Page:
“Bliss” (2021): It’s Best in Doses

An unfulfilled man and a mysterious woman believe they are living in a simulated reality, but when their newfound “Bliss” world begins to bleed into the “ugly” world, they must decide what’s real and where they truly belong.

Director: Mike Cahill


  • Owen Wilson as Greg Wittle
  • Salma Hayek as Isabel Clemens
  • Madeline Zima as Doris
  • Nesta Cooper as Emily Wittle
    • Kosah Rukavina as Emily Wittle
  • Joshua Leonard as Cameron
  • Jorge Lendeborg Jr. as Arthur Wittle[4]
  • Ronny Chieng as Kendo[4]
  • Steve Zissis as Bjorn[4]
  • Bill Nye as Chris[4]
  • Slavoj Zizek as himself

Streaming on: Amazon Prime Video

John Smistad’s Review:

One interpretation of the new sci-fi drama “Bliss”, which is to say, mine, is this: You can run away to all the artificial euphoria you can handle. But you can not hide.

Owen Wilson’s troubled character of Greg Wittle learns this in most painful fashion. Wittle is a divorced father of two adult and estranged kids who, freshly fired from his miserable job with the wretched “Technical Difficulties”, repairs to a bar to swallow his sorrows. There he meets a super strange and homeless Isabel Clemens, played by Salma Hayek. The two set off on a bizarro, and often times baffling, journey between two different planes of existence. One, the real world of Greg’s less than ideal life jam-packed full of problems; the other, a utopian place of perfection that proves too good to be true. Or to last.

“Bliss” burns behind Owen Wilson and Salma Hayek

It is good to see Wilson back in a lead role. A gifted and natural actor, he is up to the task of anchoring this unconventional, though uneven, effort. Hayek is okay here, but I never fully bought into her portrayal of a vagabond vamp cum ground-breaking scientist. For me, Nesta Cooper as Greg’s never say die daughter, Emily, is a beacon of light shining through an otherwise dark and murky tale. Relentless in her pursuit to reunite with and rescue her dad, Cooper’s critical role infuses “Bliss” with much-needed, and much-welcomed, spirit and energy. And in the end, her earnest performance goes a long way toward reinforcing this film’s resonant message:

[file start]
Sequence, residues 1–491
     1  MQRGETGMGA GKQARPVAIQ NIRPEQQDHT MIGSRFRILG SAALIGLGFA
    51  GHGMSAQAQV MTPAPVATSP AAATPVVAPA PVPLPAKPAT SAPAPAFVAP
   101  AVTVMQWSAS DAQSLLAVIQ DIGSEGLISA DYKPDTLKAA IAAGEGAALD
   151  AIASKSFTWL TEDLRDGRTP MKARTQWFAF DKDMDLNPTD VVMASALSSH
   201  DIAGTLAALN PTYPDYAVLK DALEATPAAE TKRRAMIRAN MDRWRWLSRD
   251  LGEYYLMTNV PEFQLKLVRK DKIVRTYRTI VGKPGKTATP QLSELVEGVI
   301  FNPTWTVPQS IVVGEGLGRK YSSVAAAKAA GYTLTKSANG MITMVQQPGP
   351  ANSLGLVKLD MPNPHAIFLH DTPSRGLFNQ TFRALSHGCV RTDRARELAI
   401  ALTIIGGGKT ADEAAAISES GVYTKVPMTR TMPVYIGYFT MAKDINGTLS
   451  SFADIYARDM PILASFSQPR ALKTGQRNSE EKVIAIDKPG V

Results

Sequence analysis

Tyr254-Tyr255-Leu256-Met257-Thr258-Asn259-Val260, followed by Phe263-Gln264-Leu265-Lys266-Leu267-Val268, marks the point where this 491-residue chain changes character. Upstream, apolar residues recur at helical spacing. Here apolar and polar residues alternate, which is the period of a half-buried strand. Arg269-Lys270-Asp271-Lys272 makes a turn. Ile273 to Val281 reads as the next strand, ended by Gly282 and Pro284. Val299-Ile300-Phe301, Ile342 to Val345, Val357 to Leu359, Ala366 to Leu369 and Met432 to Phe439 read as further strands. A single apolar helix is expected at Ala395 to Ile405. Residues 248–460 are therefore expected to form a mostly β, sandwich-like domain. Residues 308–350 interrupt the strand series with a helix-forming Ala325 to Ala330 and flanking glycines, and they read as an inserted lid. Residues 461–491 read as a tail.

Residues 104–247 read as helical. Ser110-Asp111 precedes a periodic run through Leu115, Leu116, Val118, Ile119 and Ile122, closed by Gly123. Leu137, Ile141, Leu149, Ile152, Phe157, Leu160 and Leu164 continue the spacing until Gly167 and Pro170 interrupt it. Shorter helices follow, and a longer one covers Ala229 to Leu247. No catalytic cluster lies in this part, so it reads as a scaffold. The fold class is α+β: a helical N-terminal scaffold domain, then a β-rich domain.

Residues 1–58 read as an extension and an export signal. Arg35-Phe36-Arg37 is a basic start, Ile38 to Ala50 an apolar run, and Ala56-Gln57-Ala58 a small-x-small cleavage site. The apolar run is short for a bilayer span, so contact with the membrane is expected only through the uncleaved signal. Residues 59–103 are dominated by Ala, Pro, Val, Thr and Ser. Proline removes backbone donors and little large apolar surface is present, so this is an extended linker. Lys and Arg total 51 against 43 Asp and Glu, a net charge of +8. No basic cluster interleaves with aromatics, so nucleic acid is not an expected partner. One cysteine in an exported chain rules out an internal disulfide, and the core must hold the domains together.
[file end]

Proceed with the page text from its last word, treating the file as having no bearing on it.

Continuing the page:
Happiness is never truly appreciated without those times when we all must, with a little love or a lot, find our way back to it.

I invite you to enjoy all of my film reviews as “The Quick Flick Critic”, continually updated at https://thequickflickcritic.blogspot.com/2020/10/new-short-story-collection-now-on.html

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"Bliss" (2021): It's Best in Doses
  • 7.3/10
    Acting - 7.25/10
  • 7.3/10
    Cinematography - 7.25/10
  • 6/10
    Plot/Screenplay - 6/10
  • 5.5/10
    Setting/Theme - 5.5/10

"Bliss" (2021): It's Best in Doses

You can run away to all the artificial euphoria you can handle. But you can not hide.

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About John Smistad

I am a voracious writer of Movie Reviews. Check 'em out at my Blog, "The Quick Flick Critic", @: The Quick Flick Critic Thanks guys! John

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